From the point of view of the individual, other aspects of iron deficiency also assume importance. Decreased resistance to infection is due to impairment of both specific and non-specific defense mechanisms. Impairment of specific immunity is particularly noticeable with cell-mediated immunity, whereas oxygen-dependent killing rather than phagocytosis is the most important aspect of non-specific immunity that is affected. An impaired capacity to maintain body temperature in a cold environment is characteristic of iron-deficiency anaemia [7]. Another consequence is lead poisoning, the risk of which is increased in anaemic children, particularly when they are young [8]. Reducing the lead in petrol rather than improving iron status may be the most effective way of approaching this problem. Finally, iron-deficiency anaemia during pregnancy has very serious consequences, leading to increased risk of perinatal mortality and to increased infant mortality [2].

Measuring prevalence of iron deficiency and of iron-deficiency anaemia

In a research environment, a battery of haematological and biochemical measurements can be made, such as haemoglobin, haematocrit, mean corpuscular volume, serum transferrin, serum iron (and transferrin saturation), serum ferritin, free erythrocyte protoporphyrin, and transferrin receptor. However, these methods are generally inappropriate in an operational environment where haemoglobin distribution curves can be used [9]. A shift to the left, compared with a population without anaemia, is indicative of anaemia. In areas where the anaemia is due to iron deficiency, such a shift is seen only in children and women, not in men. If the distribution in men is also shifted to the left, it indicates anaemia due to infection or infestation such as from malaria or from hookworm.

Methods of combating iron deficiency

Several possible approaches to combating iron-deficiency anaemia exist. The most obvious is supplementation with iron preparations. Until the present time, this has been the principal method used in developing countries. Programmes often were ineffective, however, because the target group was not reached, compliance was poor, and the preparations used sometimes had low bioavailability of iron [10]. Compliance will almost certainly be increased when daily schedules are replaced by weekly schedules [10] and when the preparations used contain iron in a more bioavailable form.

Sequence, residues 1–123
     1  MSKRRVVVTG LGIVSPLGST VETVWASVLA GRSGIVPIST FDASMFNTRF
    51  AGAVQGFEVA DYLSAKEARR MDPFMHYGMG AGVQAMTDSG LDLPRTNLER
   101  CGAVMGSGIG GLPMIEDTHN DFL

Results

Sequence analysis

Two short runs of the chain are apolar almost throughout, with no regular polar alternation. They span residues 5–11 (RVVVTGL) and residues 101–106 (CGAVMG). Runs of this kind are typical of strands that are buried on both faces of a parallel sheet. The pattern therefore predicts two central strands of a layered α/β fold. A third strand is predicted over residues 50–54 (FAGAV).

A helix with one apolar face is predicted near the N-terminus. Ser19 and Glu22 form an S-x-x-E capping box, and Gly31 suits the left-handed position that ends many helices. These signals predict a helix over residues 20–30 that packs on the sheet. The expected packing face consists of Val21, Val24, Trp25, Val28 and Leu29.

Food fortification has proved effective in reducing iron-deficiency anaemia, particularly in the United States. The reason for this is not only that American industry is able to manufacture and market iron-fortified products, but also that legislation and accompanying regulations allow fortification to be maintained. By contrast, in many countries in Europe, legislation and regulations are very restrictive with respect to food fortification.

The technology for fortifying foods with iron has improved much in recent years. Problems of offflavour have been overcome, and compounds with higher iron bioavailability, such as ferrous fumarate, have been introduced. However, increasing bioavailability by removing inhibitors of iron absorption through fermentation and use of phytases can be effective and, combined with enhancing bioavailability through increased consumption of enhancers such as ascorbic acid, may make fortification unnecessary. This is an area in which much more applied and operations research applicable to developing countries has to be done.

Iron supply can be increased not only by choosing animal products rich in haem iron but also by choosing traditional iron-rich plant foods. Recently, much interest has been expressed in increasing the total amount of iron and the proportion per content that is bioavailable through breeding and genetic engineering [11]. It remains to be seen what can be achieved by these means.